"The whole nation looked at this fire and learned from it," Jelenewicz said.

    A memorial to the lost firefighters now stands outside the Residences at the Ritz Carlton, where the Meridian once towered. It features three firefighter helmets on a granite base and the words: "To sacrifice one's own safety in the service of others requires a courage that is rare. Those among us who do are true heroes."
    "Loyalty Above all Else. Except Honor."


  2. #2
    Forum Member FWDbuff's Avatar
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    Saturday, February 23, 1991, "A", "D" Platoons, F.C.C. Platoon 2, 4, 1

    8:27 P.M. - Box 495 - 15th & Chestnut Streets
    Sq.43, Engine 1, 20(LDH), 11, Ladder 9, Snorkel 5, B.C. 5,4

    8:29 P.M. - Special Call, b/o FCC - Medic 7

    8:34 P.M. - 2nd Alarm, b/o B.C.5
    Sq.8, Engine 10, 24, 44, 13(LC), Ladder 23, B.C.3(LO),11

    8:37 P.M. - Special Call, b/o FCC - Medic 13, D.C.1, Air Unit 2

    8:39 P.M. - Special Call, b/o B.C. 5 - Ladder 1

    8:47 P.M. - 3rd Alarm, b/o D.C.1
    Engine 49(LDH), 40(LDH), 60, B.C.1

    8:48 P.M. - Special Call, b/o FCC - Chemical 1, 2

    8:56 P.M. - 4th Alarm, b/o D.C.1
    Engine 5(LDH), 29, 16, 3(LDH), 34(LDH), Air Unit 1

    8:58 P.M. - Special Call, b/o FCC - Snorkel 2

    9:00 P.M. - Special Call, b/o FCC - Medic 21B

    9:04 P.M. - Special Call, b/o FCC - B.C.8, Medic 25B

    9:05 P.M. - 5th Alarm, b/o D.C.1
    Engine 33, 27, 53, 25, Light Wagon 1 w/Ladder 11

    9:55 P.M. - 6th Alarm, b/o Car 1
    Engine 12, 22, 50(LDH), 59, Medic 3

    10:00 P.M. - Special Call, b/o Car 1 - ES-10

    10:23 P.M. - 7th Alarm, b/o Car 1
    Sq.57, Engine 63, 14, 28(LDH)

    10:37 P.M. - 8th Alarm, b/o Car 1
    Engine 61(LDH), Sq.9, Engine 56, 41, Medic 16, Car 6

    10:53 P.M. - Special Call, b/o Car 1 - Pennstar Helicopter from H.U.P.

    11:05 P.M. - Special Call, b/o Car 1 - Ladder 13

    11:12 P.M. - Special Call, b/o Car 1 - Medic 1

    11:30 P.M. - Special Call, b/o Car 1 - B.C. 2, 10

    12:01 A.M. - 9th Alarm, b/o Car 1
    Engine 38, 66, 45, 68, Ladder 18, Tower Ladder 6

    12:30 A.M. - Special Call, b/o Car 1 - B.C.1102

    12:33 A.M. - 10th Alarm, b/o Car 1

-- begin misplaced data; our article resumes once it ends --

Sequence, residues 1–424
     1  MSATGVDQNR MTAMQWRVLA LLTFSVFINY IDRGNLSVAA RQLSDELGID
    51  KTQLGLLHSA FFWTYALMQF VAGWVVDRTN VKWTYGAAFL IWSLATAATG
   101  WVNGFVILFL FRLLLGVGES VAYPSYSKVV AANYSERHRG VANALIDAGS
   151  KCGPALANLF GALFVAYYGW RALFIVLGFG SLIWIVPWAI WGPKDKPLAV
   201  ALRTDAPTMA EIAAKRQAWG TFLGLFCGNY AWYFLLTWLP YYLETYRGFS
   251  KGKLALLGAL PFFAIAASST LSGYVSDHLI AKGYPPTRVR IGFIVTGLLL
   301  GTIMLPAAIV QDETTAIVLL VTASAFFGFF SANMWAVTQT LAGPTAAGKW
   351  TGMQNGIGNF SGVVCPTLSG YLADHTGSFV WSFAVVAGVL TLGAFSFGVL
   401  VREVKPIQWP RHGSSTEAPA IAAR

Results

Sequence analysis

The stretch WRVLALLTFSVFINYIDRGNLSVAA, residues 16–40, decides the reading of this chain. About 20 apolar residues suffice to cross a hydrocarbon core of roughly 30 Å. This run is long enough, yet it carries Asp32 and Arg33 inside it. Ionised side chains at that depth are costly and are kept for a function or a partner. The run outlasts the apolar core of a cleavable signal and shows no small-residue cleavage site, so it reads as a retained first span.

Engine 72, 18, 7, 2

    12:41 A.M. - Special Call, b/o Car 1 - D.C.1A

    1:09 A.M. - Special Call, b/o Car 1 - Ladder 25

    1:21 A.M. - 11th Alarm, b/o Car 1
    Engine 71, 35, 103, 119

    2:21 A.M. - 12th Alarm, b/o Car 1
    Engine 125, 181, 36, 52(LDH)

    3:13 A.M. - Special Call, b/o Car 1 - B.C. 13, 9

    3:21 A.M. - Special Call, b/o Car 1 - Medic 15

    4:45 A.M. - Special Call, b/o Car 1 - Engine 180(LDH/FTA)

    5:30 A.M. - Special Call, b/o Car 1 - Ladder 14, Rescue 1

    5:32 A.M. - Special Call, b/o Car 1 - Medic 14

    5:41 A.M. - Special Call, b/o Car 1 - Engine 19(LDH)

    3:01 P.M. - Fire Under Control, b/o Car 1


    Note: LDH = Large Diameter (5") Hose
    Rescue 1 had not yet been reactivated as a full-duty company
    "Loyalty Above all Else. Except Honor."

  3. #3
    Forum Member mtg55's Avatar
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    I remember this happening. I was 7, and I still remember in detail. It was my first realization that Dad might not come home one day. Rest in Peace brothers.
    Matt G.
    Battalion Chief
    IACOJ-Member
    FTM-PTB

  4. #4
    Forum Member DeputyChiefGonzo's Avatar
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    May our Brothers and Sister rest in peace...
    May we heed the lessons learned...

  5. #5
    Forum Member CaptOldTimer's Avatar
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    I remember it well, like it was last week!


    Rest in Peace Brothers.

    Stay Safe and Well Out There....

    Always remembering 9-11-2001 and 343+ Brothers